Good Perishables

Creating confidence in South Africa as an important destination

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Established in 1926, the Perishable Products Export Control Board (PPECB) has delivered valuable services to the perishable products industry for over 90 years by enhancing the credibility of the South African export certificate and supporting the export competitiveness of South Africa’s perishable product industries. We chatted to CEO Lucien Jansen to find out more about this vitally important service.

What is the extent of your coverage?

The PPECB currently performs inspections on 194 listed agricultural products and has 1752 producers registered on its system who provide produce destined for export to 87 countries. These inspections take place at 952 pack houses registered with the PPECB.

In addition, the PPECB also provides a cold chain management service whereby it monitors the temperature during the export process of 121 product types and for roughly 2.5 million pallets per year.

To carry out these services, we have 885 staff of which 420 are temporary and 465 are permanent. Due to the seasonal nature of the PPECB’s business, there is a high reliance on temporary staff in order for the PPECB to achieve its objectives. Of the 885 staff, 347 are inspectors and 231 are cold chain assessors.

How does this enhance the credibility of the South African export certificate?

The PPECB’s product inspections ensure that the quality, phytosanitary (excluding special markets) and marking requirements of produce intended for export are met. This is done by making use of suitably qualified and extensively trained inspectors, who conduct inspections against the minimum export quality standards and the requirements of the importing country. In addition the PPECB ensures that all produce intended for export, as well as all stages of handling, storing and transporting thereof, meets relevant food safety standards. All these processes provide assurance to importing countries that produce imported from South Africa meets their requirements as well as minimum food safety standards, thereby enhancing the credibility of the South African perishable product exports.

This in turn creates confidence in South Africa as an import destination, which assists South African exporters to position themselves as the preferred suppliers of perishable produce with international buyers, thereby supporting their competitiveness in the international market.

The PPECB is furthermore an ISO 9001:2015 accredited organization, which lends further credibility to our internal procedures and processes.

ISO 9001: 2015, developed and published by ISO (International Organisation of Standardisation), is recognised by organisations worldwide as a quality management standard which provides principles for organisations aimed at ensuring customers receive consistently high quality products and services. The standard is also used by external parties to assess the organisation’s ability to meet statutory and regulatory requirements applicable to the organisation’s mandate. This accreditation indicates that our processes have been independently verified and underlines our commitment to deliver a quality service. This lends credibility to the manner in which we conduct our business and provides assurance to our clients, as well as international stakeholders, that the PPECB is committed to quality and outstanding customer service.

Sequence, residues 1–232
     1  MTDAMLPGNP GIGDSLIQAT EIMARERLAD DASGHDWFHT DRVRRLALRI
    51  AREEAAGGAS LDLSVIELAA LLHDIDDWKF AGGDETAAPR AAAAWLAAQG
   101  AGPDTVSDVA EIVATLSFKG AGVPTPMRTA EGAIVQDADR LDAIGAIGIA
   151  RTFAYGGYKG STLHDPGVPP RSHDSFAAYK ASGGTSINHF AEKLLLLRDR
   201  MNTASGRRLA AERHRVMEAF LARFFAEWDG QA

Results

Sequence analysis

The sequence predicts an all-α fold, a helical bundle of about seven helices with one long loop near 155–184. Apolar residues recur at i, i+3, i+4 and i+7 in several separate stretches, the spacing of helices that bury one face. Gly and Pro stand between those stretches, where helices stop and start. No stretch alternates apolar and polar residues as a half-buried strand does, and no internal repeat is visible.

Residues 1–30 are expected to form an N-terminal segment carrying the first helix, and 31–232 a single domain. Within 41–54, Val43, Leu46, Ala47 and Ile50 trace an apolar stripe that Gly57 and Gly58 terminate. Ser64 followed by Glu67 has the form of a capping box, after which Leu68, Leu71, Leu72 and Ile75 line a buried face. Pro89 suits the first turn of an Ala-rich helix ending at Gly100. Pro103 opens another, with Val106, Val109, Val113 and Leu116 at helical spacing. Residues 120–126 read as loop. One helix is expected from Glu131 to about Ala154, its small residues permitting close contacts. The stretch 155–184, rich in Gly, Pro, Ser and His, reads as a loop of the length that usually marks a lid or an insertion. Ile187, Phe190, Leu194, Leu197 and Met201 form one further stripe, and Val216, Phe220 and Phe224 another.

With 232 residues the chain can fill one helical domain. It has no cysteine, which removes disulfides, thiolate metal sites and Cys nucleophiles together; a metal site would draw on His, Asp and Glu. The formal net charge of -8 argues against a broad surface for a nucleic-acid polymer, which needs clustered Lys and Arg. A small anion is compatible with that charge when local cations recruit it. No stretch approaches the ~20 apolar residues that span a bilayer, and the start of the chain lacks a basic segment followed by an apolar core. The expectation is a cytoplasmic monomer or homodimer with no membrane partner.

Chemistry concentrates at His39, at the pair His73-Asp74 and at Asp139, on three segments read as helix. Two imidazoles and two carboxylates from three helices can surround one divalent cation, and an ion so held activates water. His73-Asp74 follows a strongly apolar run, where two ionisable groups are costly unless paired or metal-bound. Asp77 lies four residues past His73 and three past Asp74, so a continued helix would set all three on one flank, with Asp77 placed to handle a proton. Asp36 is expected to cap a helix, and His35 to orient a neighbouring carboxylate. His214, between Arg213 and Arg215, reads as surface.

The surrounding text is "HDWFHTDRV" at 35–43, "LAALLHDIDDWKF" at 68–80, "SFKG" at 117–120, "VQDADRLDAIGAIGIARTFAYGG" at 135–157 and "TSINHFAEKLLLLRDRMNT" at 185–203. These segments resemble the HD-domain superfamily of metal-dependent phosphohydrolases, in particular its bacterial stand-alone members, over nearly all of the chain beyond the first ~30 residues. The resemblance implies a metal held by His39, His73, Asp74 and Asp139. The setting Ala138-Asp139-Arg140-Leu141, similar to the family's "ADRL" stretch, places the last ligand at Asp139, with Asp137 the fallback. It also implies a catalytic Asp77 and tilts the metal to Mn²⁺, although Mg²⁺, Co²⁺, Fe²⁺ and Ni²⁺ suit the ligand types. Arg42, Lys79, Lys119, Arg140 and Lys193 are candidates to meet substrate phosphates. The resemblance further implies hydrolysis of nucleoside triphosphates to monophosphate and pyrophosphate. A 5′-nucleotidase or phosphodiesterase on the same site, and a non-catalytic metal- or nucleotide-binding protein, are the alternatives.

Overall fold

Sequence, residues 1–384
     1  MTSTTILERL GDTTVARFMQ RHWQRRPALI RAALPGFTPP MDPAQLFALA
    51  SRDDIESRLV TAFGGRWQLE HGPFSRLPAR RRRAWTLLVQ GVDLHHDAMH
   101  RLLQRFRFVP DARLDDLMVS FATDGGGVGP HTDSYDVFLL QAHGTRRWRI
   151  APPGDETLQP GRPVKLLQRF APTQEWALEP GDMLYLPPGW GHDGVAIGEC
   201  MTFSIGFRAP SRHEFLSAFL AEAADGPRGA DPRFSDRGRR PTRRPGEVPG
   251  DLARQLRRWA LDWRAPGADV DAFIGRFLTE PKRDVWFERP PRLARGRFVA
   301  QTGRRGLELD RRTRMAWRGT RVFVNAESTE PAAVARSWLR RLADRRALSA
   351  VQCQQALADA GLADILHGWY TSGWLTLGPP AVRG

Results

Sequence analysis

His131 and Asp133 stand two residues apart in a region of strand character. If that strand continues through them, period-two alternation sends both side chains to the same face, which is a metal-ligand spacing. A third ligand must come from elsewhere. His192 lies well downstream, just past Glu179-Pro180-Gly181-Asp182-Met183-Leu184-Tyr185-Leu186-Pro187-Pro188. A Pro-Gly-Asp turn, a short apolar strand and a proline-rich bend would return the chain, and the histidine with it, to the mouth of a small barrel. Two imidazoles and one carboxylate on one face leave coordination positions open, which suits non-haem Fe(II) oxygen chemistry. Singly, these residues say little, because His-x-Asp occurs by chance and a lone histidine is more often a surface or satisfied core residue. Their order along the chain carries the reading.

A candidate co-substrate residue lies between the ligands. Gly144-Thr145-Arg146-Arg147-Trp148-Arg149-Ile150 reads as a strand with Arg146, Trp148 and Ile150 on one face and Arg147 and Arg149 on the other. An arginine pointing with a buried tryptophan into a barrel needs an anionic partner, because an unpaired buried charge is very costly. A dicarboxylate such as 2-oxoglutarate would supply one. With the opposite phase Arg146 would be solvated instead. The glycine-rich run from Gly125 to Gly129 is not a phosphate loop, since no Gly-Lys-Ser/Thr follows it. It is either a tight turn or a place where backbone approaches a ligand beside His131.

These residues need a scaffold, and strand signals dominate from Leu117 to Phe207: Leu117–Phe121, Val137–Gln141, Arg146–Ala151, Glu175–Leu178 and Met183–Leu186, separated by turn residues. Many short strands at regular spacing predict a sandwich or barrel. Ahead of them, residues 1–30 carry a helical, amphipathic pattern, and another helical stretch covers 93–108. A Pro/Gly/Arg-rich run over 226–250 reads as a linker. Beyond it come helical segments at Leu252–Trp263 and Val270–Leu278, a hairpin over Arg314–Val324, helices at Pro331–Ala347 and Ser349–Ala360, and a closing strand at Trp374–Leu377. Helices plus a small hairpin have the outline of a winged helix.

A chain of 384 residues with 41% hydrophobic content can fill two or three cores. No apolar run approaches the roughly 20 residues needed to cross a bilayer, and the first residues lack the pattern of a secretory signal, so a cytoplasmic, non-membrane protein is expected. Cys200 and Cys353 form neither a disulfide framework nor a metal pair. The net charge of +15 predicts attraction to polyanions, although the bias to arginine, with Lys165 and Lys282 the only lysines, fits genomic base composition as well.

What important quality-control trends has the PPECB been monitoring?

The PPECB continuously scans the environment in order to keep up to date with the latest global trends in the perishable export sector and thus, with the blessing of the Department of Agriculture, Forestry and Fisheries, attends international meetings where continuous discussions are held on quality requirements for agricultural products such as the meetings of the Organisation for Economic Co-operation and Development (OECD). Currently the PPECB is cognisant of the changing weather patterns and the tremendous impact this is having on the agricultural industry.

There are certain quality defects that are associated with specific products which are often exacerbated and impacted by external factors. Although we are aware of these it is often difficult to predict what will happen as no two seasons are the same. As an example, the recent drought put the trees under tremendous strain which in turn had an impact on the internal quality, yield and sizing of several products.

Where does the CEO fit in?

PPECB’s position within the industry requires it to communicate with a diverse pool of stakeholders. I thus see the role of the CEO as placing a priority on stakeholder management, collaboration and integration to ensure that the industry as a whole achieves its objectives and South Africa remains competitive on international markets. I further believe it is essential for the PPECB to keep abreast with latest trends and requirements, as to ensure that the South African export industry remains compliant.

PPECB recently received a certificate of recognition from the South African Institute of Chartered Accountants (SAICA) for its record of clean audits for five consecutive years. What does this mean to you?

The award is a tremendous source of pride for us as we believe it highlights our commitment to sound financial management practices. Furthermore, it is testament to the commitment of both management and staff to compliance with relevant legislation, policies and procedures.

Lucien Jansen, CEO

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